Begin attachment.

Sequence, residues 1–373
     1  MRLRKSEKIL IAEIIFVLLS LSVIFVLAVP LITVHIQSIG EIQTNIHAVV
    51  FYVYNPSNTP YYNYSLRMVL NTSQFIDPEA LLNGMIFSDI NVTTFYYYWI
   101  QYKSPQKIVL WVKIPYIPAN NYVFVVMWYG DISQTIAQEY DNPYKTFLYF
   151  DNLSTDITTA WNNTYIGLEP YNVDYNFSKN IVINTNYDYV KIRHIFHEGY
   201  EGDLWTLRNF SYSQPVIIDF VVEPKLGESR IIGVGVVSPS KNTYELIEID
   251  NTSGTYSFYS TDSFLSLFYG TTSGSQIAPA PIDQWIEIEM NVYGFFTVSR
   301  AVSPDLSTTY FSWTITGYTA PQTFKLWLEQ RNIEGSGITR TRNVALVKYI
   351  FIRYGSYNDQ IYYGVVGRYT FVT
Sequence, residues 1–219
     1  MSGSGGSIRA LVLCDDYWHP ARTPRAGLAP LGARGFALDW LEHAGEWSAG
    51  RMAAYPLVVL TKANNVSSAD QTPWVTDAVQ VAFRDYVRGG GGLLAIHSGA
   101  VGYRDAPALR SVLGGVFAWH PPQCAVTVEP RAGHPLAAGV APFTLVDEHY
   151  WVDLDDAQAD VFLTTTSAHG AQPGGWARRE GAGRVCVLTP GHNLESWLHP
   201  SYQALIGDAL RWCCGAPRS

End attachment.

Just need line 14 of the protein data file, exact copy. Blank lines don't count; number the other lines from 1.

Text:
   151  WVDLDDAQAD VFLTTTSAHG AQPGGWARRE GAGRVCVLTP GHNLESWLHP